women for obvious reasons, but as his harem of minions increased in size they had more needs than he, himself, was able to supply, and they began abducting men and indoctrinating them the same way he’d done his initial captives. All were given names - which of course they couldn’t remember - and maps back to the cache. Their instructions became more involved, their missions more complex, they began more arcane missions driven by curiosity rather than survival, and standing orders gradually evolved.
Standing order number one: Do what the paper says.
Standing order number two: No one is ever to be alone, everyone must always go in twos at least.
Standing order number three: If what the paper says doesn’t make sense, follow the map to home.
And so on. These were written on every paper for every person, regardless of the mission. He was not their leader, though; they didn’t and couldn’t have one since their situation was too unstable for any form of hierarchy to evolve. Instead the written word was their leader, even though they couldn’t remember who gave them instructions just moments after they’d been written. Their society was basic and rough and barely functional, and it certainly couldn’t deal with any kind of prolonged crisis lasting longer than a few minutes, but it was a working solution to an untenable problem.
How long this happy state of affairs continued no one can recall, but eventually they reached a tipover event: Attacks, fighting, rapes, and murders began to decline. More and more people went out to follow their written instructions and came back. First only some of them came back, then they started coming back bloodied and bruised, but they always made it back. Presently the teams started coming back without having any incidents of note at all - neither ones they could remember, nor otherwise. Eventually there were more people in his ad hoc community than out of it, and from that point on things progressed rapidly and safely. The endless violence disappeared, the written word had saved them and the pen had become their sword.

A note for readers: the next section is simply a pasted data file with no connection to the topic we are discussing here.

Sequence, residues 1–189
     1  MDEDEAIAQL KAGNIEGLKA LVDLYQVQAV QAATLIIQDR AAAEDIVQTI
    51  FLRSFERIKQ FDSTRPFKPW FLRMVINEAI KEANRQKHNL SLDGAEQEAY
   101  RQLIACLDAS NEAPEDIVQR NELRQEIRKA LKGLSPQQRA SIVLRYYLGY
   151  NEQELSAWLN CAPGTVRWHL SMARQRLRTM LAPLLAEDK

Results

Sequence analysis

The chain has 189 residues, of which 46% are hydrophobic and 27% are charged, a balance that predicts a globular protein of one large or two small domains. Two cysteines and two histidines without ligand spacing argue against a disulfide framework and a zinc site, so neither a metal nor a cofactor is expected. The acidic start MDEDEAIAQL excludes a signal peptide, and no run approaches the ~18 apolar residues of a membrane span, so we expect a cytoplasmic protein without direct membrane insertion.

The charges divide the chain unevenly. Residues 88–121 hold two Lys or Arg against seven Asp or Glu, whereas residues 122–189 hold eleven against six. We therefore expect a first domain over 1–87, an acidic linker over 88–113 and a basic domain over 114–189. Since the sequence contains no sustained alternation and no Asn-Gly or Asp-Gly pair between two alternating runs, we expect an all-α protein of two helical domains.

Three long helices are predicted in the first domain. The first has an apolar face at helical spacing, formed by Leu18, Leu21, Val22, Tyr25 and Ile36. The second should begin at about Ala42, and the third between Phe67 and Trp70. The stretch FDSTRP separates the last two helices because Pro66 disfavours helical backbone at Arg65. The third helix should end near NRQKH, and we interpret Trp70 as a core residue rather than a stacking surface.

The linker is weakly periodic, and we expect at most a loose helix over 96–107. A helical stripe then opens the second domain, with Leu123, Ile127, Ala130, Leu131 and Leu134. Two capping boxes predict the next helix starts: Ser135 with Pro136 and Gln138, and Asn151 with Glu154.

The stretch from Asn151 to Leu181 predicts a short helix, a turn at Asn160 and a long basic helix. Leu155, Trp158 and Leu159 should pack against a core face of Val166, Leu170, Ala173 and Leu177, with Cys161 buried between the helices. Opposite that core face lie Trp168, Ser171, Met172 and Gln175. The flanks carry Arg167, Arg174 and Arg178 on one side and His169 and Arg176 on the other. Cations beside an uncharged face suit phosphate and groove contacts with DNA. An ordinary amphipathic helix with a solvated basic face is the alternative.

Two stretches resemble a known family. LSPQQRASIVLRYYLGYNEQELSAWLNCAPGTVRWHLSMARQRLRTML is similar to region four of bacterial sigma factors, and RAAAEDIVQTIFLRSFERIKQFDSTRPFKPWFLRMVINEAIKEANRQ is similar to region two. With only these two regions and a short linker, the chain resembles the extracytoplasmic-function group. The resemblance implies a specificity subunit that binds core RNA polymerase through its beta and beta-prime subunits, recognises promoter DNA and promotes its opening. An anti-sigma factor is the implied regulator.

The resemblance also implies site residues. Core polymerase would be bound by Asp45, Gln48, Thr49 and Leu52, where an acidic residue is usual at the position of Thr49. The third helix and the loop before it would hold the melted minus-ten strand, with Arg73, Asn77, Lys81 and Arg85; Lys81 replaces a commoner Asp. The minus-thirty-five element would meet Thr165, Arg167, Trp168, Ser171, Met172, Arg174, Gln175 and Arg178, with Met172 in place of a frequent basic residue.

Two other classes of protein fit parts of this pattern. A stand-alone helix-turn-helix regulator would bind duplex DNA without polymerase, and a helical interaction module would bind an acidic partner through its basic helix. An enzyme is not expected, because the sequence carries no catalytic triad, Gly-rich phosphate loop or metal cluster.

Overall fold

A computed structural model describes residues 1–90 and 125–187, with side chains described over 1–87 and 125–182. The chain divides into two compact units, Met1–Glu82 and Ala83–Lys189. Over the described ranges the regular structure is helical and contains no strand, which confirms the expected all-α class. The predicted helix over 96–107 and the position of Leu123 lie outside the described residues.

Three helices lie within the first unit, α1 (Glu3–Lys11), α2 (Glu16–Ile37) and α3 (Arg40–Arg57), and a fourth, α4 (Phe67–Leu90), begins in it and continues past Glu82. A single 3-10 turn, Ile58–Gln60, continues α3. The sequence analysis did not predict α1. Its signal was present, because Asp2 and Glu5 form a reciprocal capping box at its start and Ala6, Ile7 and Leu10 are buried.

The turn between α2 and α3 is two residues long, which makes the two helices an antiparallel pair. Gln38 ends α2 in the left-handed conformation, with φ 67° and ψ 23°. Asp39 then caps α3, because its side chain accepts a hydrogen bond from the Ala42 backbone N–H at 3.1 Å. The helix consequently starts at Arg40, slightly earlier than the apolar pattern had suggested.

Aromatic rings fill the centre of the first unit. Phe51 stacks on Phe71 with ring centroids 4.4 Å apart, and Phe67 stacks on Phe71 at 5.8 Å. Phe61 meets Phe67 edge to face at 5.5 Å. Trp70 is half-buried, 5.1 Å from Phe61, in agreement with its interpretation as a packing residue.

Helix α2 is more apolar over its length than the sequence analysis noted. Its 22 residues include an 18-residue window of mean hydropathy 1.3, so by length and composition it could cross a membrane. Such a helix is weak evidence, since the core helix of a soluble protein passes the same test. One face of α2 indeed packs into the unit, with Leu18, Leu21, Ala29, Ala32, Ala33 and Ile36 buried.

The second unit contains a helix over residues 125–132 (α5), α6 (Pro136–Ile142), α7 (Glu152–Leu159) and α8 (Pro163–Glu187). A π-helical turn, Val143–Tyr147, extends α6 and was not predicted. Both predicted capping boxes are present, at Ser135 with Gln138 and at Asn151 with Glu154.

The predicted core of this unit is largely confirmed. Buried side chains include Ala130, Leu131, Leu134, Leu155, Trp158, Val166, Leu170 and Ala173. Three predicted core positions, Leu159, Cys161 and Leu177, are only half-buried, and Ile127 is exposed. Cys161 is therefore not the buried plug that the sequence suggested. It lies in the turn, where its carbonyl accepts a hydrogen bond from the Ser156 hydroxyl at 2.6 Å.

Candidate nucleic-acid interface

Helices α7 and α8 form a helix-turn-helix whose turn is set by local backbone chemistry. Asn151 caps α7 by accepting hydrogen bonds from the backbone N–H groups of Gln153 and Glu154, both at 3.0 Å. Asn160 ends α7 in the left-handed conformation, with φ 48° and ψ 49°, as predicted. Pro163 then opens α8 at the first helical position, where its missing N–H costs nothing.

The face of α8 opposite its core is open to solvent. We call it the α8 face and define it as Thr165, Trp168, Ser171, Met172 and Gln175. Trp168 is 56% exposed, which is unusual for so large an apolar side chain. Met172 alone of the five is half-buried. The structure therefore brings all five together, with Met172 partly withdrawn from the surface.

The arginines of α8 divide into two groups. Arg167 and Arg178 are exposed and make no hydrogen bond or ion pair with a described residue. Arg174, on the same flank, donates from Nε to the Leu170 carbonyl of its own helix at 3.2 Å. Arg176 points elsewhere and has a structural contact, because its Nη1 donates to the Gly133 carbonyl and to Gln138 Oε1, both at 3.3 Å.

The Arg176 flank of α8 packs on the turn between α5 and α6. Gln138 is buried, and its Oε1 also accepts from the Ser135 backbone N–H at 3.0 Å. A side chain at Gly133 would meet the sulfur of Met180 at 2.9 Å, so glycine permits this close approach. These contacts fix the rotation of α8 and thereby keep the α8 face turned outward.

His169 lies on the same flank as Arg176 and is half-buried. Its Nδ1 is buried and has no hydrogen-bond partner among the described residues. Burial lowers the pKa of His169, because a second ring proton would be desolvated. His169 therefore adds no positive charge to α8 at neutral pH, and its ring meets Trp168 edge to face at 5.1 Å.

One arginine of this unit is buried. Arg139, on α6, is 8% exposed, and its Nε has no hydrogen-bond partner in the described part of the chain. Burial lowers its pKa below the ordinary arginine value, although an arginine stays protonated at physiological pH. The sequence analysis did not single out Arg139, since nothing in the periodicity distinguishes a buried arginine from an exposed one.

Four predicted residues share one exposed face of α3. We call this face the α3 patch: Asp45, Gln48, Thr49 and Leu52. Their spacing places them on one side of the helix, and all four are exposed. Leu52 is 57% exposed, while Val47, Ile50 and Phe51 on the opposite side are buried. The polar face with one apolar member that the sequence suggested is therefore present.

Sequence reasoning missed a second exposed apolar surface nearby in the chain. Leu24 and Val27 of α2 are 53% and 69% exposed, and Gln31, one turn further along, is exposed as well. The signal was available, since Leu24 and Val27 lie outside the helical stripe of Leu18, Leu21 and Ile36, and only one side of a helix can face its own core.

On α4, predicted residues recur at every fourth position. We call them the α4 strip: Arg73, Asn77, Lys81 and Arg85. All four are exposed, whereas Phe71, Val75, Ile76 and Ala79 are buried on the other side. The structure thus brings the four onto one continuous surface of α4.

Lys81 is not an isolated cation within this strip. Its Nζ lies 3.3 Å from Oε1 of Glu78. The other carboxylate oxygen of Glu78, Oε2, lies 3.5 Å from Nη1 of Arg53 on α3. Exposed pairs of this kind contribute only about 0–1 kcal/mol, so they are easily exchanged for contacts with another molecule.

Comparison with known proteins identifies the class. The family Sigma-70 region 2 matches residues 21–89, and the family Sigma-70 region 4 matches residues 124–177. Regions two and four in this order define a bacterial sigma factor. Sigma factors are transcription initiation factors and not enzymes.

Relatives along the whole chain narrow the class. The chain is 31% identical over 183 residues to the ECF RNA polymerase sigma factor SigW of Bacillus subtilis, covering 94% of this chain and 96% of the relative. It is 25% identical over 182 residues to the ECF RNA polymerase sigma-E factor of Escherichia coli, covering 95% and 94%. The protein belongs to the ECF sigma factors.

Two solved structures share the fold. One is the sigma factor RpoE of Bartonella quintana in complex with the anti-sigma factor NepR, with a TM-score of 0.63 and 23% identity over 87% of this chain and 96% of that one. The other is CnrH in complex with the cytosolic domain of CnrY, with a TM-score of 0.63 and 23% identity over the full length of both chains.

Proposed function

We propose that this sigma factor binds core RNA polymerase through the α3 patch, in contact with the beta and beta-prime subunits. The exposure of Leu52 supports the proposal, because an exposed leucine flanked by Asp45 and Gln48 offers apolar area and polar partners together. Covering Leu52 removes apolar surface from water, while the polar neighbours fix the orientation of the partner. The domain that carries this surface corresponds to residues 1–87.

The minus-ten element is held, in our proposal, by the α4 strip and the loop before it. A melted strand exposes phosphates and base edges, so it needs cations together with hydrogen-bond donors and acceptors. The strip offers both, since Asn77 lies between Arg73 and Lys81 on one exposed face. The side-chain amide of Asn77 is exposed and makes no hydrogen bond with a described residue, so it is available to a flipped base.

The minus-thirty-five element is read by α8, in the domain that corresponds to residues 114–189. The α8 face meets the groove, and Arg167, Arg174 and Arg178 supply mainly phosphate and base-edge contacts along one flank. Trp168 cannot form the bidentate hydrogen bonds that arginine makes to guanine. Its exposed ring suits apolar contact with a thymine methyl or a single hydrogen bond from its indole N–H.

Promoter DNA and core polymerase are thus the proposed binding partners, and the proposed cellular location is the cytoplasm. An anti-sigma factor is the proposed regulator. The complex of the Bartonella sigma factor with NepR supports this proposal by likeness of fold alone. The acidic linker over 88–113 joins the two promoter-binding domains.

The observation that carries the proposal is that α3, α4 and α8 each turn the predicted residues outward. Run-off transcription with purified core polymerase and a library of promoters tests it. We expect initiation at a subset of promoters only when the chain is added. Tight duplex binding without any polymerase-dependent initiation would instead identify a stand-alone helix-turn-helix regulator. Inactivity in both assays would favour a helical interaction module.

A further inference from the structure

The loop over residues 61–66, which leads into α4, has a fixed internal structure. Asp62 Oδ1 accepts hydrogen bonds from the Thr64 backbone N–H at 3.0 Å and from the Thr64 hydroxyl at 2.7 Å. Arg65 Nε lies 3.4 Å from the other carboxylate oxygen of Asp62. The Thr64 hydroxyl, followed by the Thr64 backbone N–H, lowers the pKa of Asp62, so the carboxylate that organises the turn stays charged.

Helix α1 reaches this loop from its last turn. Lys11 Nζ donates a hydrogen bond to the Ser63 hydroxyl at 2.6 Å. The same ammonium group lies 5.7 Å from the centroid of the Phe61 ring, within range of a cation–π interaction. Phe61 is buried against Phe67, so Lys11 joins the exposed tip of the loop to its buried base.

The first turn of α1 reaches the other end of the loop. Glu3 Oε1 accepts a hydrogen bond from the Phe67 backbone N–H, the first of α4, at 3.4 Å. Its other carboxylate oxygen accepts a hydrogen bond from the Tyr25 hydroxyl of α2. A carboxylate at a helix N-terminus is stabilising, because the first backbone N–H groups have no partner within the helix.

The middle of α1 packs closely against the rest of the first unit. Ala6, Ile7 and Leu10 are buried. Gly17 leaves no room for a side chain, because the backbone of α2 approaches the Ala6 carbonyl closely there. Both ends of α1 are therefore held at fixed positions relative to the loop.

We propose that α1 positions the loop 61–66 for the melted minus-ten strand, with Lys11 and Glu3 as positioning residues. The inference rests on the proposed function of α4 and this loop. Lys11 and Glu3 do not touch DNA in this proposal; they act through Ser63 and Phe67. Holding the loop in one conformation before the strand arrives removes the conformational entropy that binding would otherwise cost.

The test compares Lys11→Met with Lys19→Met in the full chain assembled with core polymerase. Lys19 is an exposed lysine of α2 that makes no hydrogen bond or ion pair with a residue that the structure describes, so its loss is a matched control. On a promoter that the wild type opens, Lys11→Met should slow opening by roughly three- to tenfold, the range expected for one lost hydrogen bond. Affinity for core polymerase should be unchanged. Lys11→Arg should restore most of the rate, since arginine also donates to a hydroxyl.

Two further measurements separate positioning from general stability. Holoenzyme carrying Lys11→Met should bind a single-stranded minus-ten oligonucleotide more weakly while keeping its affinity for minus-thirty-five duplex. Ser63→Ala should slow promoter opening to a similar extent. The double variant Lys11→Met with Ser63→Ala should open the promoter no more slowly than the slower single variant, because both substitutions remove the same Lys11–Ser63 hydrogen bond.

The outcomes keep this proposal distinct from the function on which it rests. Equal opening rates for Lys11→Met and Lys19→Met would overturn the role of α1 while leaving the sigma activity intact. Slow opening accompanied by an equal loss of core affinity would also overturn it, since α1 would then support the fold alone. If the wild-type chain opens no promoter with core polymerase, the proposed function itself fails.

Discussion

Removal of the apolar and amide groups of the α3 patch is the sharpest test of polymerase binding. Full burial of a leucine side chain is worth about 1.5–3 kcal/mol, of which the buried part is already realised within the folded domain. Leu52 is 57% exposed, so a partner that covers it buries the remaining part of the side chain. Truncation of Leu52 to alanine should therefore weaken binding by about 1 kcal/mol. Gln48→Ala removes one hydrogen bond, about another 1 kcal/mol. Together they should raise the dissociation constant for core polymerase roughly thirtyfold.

The lions operating entirely on aggression and instinct had been subverted, defeated, by the lambs operating on organization and something akin to compassion. Primate curiosity re-asserted itself: They mapped out the entire airport, they traveled in twos, they had enough to eat, and a basic code of behavior had evolved that prevented most crisis and strife. Anything that couldn’t be handled by the standing orders was resolved by their short attention span and shorter memory. Fights erupted, degenerated in to chaos, the same as before, but when the chaos degenerated in to exhaustion the fights fizzled out, the combatants surrounded by rings of people shouting “Check your paper! Check your paper!”
True, the food was running out, but as it was intended as disaster relief for a town somewhere, and there were less than a thousand of them. It would last a while yet. There was time. When the food ran out, all bets were off, but for the time being they were safe. More than safe, they were curious. ‘we can’t get out of here - WHY can’t we get out of here?’
When the next airliner landed, it was met by him and a group of his minions in the terminal. New people - so clean! - came from the boarding gangway, already looking confused and panicky. His people met them and gave them papers: ‘do what these say at all times’ they said, ‘or else bad things happen.’ They couldn’t remember exactly what the bad things were, but there were enough scars and missing teeth and limbs and gouged out eyes that no one had any real doubts about the existence of the bad things.
He went down the gangway and spoke with a nervous man standing by the door of the plane. The smell of stale coffee and half-cooked airline food washed over him with a sensuality he’d never before experienced.
“I’m sorry, sir, you can’t go back on the plane,” the flight attendant said.
“I don’t want to, I just wanted to tell you something…uhm…odd.” he said.
“Is there a problem?” asked the flight attendant, who had been told simply to keep his passengers from re-boarding. He hadn’t been told what to do about this crusty, half-naked, disgusting, hairy mass of a man who smelled like a sewer.
“Problem?” he said, absently to the flight attendant.
“Yes sir,” the attendant said with fake cheefulness, “just follow this hallway to the terminal,